No Vote On Cell Tower
Council will send plan back to planning commission to review new information.
A scheduled public hearing, attended by cell tower detractors and supporters, was canceled Feb. 7 after council opted to send the issue back to planning commission for further review. Council did not vote on the plan. Approximately 35 individuals had attended the meeting and hearing Thursday night.
Verizon is seeking to place a cell tower on Prince of Peace Lutheran Church property, but has received resistance from an anti-tower group.
On Feb. 5, the city of Westlake received correspondence from the firm representing New Par d/b/a Verizon Wireless explaining how it came to arrive at the Prince of Peace Church location.
The letter said that it had received many complaints from residents about lack of cell phone service in the area dating back to 2001. New Par said it had an open offer for 90 days to allow interested property owner to submit their property for consideration.
It rejected city parkland due to the financial infeasibility.
Additional sites were considered.
“We attempted to collocate on the rooftop of St. Johns West Shore Hospital and got as far as submitting a zoning application,” the letter said. “However, the new owner killed the project on 10/15/10 because of plans to expand the facility.
“The library was approached on two different occasions since 2001 for a possibie(sic) lease of land space for a new tower. The answer was no on both occasions, They now have a new Director and Board of Directors who may be interested in a tower on library property. However, the available location near the library building may interfere with future expansion of the library.”
Additional information will be reviewed
The information was submitted to the city after it was requested.
“Since two meetings ago we asked for more information from the applicant,” Council President Michael Killeen said. “Council, believes this material should be analyzed.
“As of the last few days, we had a letter received Jan. 25 and Feb. 5…and today from the applicant.”
Killeen said the consensus of Council is that material should be sent back to planning commission for review.
“We’ve also received an outline against the cell tower,” Wheeler said, acknowledging information received from Laurie and James Frankito who have opposed the proposed tower. If built, the tower would be within 500 feet of their home. They have started an online petition against the tower.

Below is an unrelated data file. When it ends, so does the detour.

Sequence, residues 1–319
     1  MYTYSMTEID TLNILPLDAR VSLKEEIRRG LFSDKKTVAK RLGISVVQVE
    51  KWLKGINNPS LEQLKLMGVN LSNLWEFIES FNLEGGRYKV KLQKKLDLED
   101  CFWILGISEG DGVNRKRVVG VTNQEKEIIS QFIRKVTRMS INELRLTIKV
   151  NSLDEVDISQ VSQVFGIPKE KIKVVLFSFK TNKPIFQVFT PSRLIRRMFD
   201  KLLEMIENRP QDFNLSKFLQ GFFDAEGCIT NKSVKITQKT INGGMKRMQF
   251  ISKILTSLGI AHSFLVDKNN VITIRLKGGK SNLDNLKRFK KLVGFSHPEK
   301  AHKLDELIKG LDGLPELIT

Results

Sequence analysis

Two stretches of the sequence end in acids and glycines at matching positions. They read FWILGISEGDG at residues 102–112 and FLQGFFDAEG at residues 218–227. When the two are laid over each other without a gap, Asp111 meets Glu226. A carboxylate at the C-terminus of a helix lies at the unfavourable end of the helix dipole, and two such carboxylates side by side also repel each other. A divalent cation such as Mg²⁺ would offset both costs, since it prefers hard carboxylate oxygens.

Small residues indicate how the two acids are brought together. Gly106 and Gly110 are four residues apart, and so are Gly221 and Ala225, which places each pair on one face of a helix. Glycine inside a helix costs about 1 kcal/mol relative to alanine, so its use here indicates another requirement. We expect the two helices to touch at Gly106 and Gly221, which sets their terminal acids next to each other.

Wheeler added he wanted to ensure both those for and against the tower had adequate information.
“I would like to urge the applicant and the Frankitos, who submitted the outline against the cell tower (to contact him),” Wheeler said. “The goal here is a full, equitable analysis of this. “I can be the transmission point between the parties.”
Killeen said no date has been set yet for a final analysis or vote.
“Council is aware there are parties who want this and parties who don’t want this,” Killeen said.
Frankitos support move
Following the Feb. 7 meeting, Laurie Frankito called the postponement "a good thing."
"There have been inconsistancies given in site review challenges by Verizon's attorney, Mr. Grant, beginning at the Planning Commission testimony," she said. "Now, all of the documents will be reviewed. We are hopeful that Verizon will get the transmission access they need in a spot according to Westlake's City ordinance. Keeping it on public land should be the goal so that our officials can minimize the damage to Westlake residents' home values and safety.
Frankito said she hopes Verizon hears the message that "they might not get everything they want but they can have what they need."
She also faulted the church's placement of the proposed tower.
"While I sympathize with the church's need for funds, they do not seem to have given the neighbors any consideration by putting the pole as close to others property lines as allowed by the city and as far as humanly possible from the actual church building," she said. "The towers have a stigma and nobody wants to be right next to them - even when they are getting paid. This is where keeping them on public or city property becomes key for all of us as residents."